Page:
Citigroup reported an 86 percent drop in fourth-quarter earnings Thursday after paying $3.5 billion in legal charges and repositioning costs.
Earnings for the fourth quarter were $350 million, down from $2.5 billion a year earlier.
Like other large banks, Citigroup has faced costly government settlements and private litigation over charges that it rigged interest rates and foreign exchange trades.
Citi first announced the legal charge in December.
Citi's earnings also demonstrated weakness in its fixed income trading division, with revenues in this segment dropping 16 percent from the prior year to $2.0 billion.
Citi's global consumer banking segment reflected the impact from the higher dollar, with North American revenues advancing four percent, but revenues overseas regions dropping.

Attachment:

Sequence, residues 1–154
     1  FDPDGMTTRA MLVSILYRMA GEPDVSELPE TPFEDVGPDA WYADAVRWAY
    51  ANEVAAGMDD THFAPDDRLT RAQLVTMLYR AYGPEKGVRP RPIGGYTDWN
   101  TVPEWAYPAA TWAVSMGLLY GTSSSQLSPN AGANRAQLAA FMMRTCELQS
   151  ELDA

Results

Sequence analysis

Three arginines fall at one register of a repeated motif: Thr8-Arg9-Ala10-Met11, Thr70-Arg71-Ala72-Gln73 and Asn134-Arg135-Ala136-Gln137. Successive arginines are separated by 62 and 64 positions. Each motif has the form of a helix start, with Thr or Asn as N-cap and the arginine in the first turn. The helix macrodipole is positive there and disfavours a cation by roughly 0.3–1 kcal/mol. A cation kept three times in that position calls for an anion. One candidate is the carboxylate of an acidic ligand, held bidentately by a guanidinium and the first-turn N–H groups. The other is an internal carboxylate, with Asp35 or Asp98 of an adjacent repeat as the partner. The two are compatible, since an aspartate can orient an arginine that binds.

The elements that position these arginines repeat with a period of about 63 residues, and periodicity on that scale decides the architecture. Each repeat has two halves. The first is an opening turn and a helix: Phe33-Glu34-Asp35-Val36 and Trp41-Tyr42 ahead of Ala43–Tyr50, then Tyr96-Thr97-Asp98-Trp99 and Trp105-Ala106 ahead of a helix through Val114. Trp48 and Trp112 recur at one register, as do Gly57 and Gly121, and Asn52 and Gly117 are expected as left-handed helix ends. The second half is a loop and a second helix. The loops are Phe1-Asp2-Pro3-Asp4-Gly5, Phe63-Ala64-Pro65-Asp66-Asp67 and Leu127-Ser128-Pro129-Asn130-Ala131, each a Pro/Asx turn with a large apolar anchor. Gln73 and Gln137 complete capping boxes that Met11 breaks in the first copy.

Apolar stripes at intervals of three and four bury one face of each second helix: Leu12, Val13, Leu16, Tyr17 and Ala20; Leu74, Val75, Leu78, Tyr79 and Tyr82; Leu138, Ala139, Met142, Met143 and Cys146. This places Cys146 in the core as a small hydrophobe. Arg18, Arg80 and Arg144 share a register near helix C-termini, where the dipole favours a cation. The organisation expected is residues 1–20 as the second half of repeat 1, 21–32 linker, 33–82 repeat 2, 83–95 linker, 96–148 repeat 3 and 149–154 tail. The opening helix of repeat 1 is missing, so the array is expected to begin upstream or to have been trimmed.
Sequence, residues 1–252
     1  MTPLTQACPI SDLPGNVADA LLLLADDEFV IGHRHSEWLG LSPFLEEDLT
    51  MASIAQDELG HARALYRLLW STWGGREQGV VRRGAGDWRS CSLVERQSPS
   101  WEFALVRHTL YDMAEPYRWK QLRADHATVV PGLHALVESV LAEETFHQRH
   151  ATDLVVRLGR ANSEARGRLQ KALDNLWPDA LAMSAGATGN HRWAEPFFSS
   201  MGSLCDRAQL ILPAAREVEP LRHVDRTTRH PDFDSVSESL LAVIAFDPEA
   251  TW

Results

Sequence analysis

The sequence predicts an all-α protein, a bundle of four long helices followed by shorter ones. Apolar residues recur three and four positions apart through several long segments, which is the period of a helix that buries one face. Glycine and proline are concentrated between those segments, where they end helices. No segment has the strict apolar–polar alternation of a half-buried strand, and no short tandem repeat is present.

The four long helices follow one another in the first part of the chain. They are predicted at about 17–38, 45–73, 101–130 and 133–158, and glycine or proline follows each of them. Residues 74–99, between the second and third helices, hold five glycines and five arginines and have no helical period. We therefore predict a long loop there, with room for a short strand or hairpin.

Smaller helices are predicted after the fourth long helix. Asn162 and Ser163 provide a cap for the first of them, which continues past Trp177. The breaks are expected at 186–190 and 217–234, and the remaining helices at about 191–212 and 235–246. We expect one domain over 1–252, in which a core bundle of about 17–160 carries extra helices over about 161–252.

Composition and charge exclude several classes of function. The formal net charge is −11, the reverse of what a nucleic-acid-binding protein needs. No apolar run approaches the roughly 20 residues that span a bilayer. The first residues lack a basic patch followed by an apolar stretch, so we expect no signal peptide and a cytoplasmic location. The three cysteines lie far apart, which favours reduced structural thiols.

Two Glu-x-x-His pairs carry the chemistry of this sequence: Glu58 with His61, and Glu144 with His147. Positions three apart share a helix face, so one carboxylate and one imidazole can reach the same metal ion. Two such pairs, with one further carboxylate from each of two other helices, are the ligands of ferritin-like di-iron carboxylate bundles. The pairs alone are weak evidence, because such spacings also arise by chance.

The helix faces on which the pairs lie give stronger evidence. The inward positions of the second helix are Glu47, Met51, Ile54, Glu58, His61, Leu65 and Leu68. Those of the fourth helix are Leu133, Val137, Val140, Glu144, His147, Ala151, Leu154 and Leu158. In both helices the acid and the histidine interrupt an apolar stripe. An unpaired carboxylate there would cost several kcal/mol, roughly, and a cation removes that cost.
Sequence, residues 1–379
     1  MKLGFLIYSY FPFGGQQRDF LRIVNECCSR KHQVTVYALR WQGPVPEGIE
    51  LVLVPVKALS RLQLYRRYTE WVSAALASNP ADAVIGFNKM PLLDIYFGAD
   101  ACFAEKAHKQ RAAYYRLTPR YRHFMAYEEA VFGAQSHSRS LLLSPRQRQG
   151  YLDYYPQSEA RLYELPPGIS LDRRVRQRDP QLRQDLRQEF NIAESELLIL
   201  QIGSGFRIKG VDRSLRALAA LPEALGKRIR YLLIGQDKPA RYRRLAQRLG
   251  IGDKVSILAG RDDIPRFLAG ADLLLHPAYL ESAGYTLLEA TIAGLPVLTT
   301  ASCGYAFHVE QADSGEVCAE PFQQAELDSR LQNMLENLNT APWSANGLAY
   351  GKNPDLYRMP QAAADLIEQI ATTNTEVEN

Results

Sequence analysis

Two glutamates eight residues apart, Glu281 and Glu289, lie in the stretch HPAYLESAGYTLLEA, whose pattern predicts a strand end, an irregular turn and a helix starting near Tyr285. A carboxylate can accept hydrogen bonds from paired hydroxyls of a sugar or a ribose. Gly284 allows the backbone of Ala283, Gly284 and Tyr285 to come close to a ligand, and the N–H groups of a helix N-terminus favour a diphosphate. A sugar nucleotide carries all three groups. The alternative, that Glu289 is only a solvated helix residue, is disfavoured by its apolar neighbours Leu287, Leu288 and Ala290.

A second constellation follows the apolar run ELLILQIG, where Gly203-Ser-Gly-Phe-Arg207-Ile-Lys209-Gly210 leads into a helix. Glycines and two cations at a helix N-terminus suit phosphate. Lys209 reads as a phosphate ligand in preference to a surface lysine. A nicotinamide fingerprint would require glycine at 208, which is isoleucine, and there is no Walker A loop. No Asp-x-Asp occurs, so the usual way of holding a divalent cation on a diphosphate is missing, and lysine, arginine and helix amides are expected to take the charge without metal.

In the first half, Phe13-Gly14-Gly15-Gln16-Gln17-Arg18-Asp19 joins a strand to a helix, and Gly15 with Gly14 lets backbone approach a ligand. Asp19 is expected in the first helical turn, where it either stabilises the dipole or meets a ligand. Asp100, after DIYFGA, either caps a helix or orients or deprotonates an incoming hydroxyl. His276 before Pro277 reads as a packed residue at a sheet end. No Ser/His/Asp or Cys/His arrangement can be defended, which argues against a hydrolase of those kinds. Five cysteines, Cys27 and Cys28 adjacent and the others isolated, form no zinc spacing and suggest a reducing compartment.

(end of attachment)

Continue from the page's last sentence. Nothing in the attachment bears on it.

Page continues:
Net income from this segment rose eight percent to $1.7 billion.
Overall loans fell three percent to $645 billion from the prior year, while overall deposits were down seven percent to $899 billion.
Compared to other banks like JPMorgan Chase and Wells Fargo, Citigroup is more exposed to international retail banking and less leveraged to the better-performing US economy.
Citi's earnings for 2014 were down 46.5 percent from last year at $7.3 billion.
The fourth-quarter results translated into six cents per share, below the 11 cents projected by Wall Street analysts
In pre-market trade, Citi shares were down 0.1 percent at $48.99.